The Washinton Post published a piece by Marissa Brostoff which attempts to link white nationalists to the pro-life movement. Brostoff makes the case that some white nationalists have embraced the pro-life movement but much of the piece reads like a vague attempt to insinuate the pro-life movement itself is racist for readers who are eager to believe everything they don’t like is racist and that pro-lifers are cartoon villains. I won’t belabor the point but here’s a sample which comes fairly early in the piece:
For reproductive-rights supporters in the United States, it’s long been easy to see the Republican Party’s hard-line antiabortion politics as a kind of grotesque hypocrisy. How can a political body that has aligned itself against school lunches and for machine guns claim to support “life?” This juxtaposition has been particularly cruel over the past year, as revelations about the imprisonment of migrant children in concentration camps have coincided with a wave of draconian antiabortion legislation.
This is not someone who is interested in making sense of different points of view on any of these issues. She’s merely signaling her moral conclusions upfront so likeminded readers can relax into the challenge-free environment of the remainder of the piece. But Brostoff really outdoes herself in the final paragraph where she suggests that author JD Vance is promulgating white nationalist concerns in public:
As border controls tighten, though, the links between pronatalism and nativism have once again become visible. Inspired by Steve King’s admiring remark about Geert Wilders, Ayla Stewart, creator of a popular white nationalist blog called Wife with a Purpose, issued a “white baby challenge” that went viral in alt-right circles; the mother of six asked audience members “to have as many white babies as I have contributed.” Meanwhile, as replacement discourse enters the conservative mainstream, talk of birthrates comes along with it. “Our people aren’t having enough children to replace themselves. That should bother us,” J.D. Vance, author of the best-selling “Hillbilly Elegy,” told his audience at the National Conservatism Conference last month; earlier this year, he described himself as “appalled” by Democrats’ permissive attitudes toward abortion. Vance did not spell out exactly who was included in the word “our.” He didn’t need to.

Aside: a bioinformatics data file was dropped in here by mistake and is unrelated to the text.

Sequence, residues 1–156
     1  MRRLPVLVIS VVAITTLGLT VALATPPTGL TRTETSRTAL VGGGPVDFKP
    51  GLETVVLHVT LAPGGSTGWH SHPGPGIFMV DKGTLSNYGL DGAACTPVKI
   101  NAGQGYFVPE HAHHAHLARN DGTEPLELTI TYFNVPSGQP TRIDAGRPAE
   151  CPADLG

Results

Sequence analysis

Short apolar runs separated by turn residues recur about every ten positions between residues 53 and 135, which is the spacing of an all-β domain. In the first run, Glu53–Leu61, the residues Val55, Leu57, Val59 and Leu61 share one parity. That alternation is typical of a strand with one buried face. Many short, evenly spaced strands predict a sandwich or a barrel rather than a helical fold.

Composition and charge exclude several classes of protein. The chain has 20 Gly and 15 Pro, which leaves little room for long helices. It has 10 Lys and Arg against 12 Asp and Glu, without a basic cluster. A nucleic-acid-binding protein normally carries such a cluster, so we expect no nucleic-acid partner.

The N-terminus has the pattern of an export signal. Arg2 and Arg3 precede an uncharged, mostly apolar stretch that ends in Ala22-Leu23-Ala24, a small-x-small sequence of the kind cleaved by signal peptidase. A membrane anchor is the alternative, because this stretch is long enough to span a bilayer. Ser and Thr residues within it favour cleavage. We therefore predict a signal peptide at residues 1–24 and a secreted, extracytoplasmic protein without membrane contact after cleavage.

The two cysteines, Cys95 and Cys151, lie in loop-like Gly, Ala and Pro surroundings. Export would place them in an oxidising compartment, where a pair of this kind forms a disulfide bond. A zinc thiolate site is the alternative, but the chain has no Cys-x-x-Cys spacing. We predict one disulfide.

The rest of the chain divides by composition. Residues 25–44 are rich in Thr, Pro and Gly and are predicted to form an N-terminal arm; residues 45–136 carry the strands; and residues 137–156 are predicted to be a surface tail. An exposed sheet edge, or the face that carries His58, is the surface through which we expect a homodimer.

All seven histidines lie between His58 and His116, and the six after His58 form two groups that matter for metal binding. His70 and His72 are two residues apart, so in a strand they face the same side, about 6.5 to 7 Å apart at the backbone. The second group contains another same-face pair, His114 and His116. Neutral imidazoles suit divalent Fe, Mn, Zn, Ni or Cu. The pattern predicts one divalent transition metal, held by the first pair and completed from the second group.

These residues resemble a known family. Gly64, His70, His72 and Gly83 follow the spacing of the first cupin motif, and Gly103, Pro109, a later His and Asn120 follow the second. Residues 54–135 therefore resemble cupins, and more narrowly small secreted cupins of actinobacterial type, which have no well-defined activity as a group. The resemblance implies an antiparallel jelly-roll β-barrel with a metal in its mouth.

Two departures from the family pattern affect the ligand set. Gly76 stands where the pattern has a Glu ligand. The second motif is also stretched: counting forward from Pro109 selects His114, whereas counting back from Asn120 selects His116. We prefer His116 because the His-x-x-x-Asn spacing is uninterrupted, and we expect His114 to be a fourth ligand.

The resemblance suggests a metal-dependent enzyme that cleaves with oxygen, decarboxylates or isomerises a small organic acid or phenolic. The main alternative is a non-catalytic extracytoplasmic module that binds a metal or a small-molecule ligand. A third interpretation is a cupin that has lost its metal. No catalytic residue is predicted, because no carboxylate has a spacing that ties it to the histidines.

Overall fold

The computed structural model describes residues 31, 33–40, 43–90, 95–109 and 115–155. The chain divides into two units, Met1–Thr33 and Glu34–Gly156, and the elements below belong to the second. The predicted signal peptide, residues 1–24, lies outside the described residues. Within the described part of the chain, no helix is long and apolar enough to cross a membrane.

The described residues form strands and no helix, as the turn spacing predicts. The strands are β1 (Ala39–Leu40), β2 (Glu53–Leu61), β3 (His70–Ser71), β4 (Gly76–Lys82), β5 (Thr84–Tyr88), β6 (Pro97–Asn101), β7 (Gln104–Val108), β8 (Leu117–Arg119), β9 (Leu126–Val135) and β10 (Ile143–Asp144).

Vance is best known as the author of Hillbilly Elegy, a book viewed as sympathetic to rural Americans and conservative in tone. Progressive critics have chided Vance for his emphasis on individual self-reliance. Maybe that’s why Brostoff expected her readers would simply believe he was another right-wing villain without bothering to check if her account of Vance’s speech was accurate. As it turns out, it was not. Here’s the paragraph in question:
There are a lot of ways to measure a healthy society, but the most important way to measure a healthy society is by whether a nation is having enough children to replace itself. Do people look to the future and see a place worth having children in? Do they have economic prospects and the expectation that they’re going to be able to put a good roof over that kid’s head, food on the table, and provide that child with a good education? By every statistic that we have, people are answering “no” to all of those questions. Our people aren’t having enough children to replace themselves. That should bother us.
As Jeryl Bier pointed out, it’s pretty clear who Vance was talking about in that penultimate line: Americans.
Yeah, real mystery who Vance was referring to… same speech, SAME PARAGRAPH: "…whether a nation is having enough children to replace itself."
"a nation" pic.twitter.com/6dB4UhmiXT
— Jeryl Bier (@JerylBier) August 27, 2019
The smear was spread by some people on Twitter but eventually, there was enough of a backlash that the Post noticed. If you look at the story now, the last lines about JD Vance have vanished and there is an Editor’s Note which reads, “An earlier version of this story suggested that the author J.D. Vance lamented a falloff in white births; he was actually talking about American births.” That’s correct, but Brostoff wasn’t happy about the edit:
So that settles the question of whether or not this was an honest mistake. It wasn’t. She knew what Vance was actually saying but didn’t care because in her view what he said was close enough to insinuate he’s a racist. And really, if you read the rest of the piece, that sort of lazy reliance on prior convictions won’t surprise you. But at least some of the people who’d been jumping on Vance based on her piece did back down:
I'm deleting the tweets where I said JD Vance was appropriating the white supremacist Great Replacement theory when he bemoaned the birth rates of "our people," as the Post has removed that section from their article.
I'm adding screenshots of my tweets for transparency. pic.twitter.com/x70ppgVXyj
— Justin Baragona (@justinbaragona) August 27, 2019
But there are still other people, like this former Buzzfeed writer suggesting it’s not quite clear what Vance meant. Notice that this tweet is not compatible with the actual editor’s note which says it is clear what Vance meant (because it really is).
The Post pulled JD Vance’s “our people” because it wasn’t clear he was speaking about Americans and not just white people. While there is an obvious distinction between those two things, nativist rhetoric like this is still problematic https://t.co/w5pp0uEgmR pic.twitter.com/msFHlTH0Iu
— john r stanton (@dcbigjohn) August 27, 2019
I suspect this will become an asterisk which progressives will forever attempt to pin on Vance despite the fact that it’s obviously false. Given her reaction to the correction, Brostoff may even be proud of this dubious accomplishment.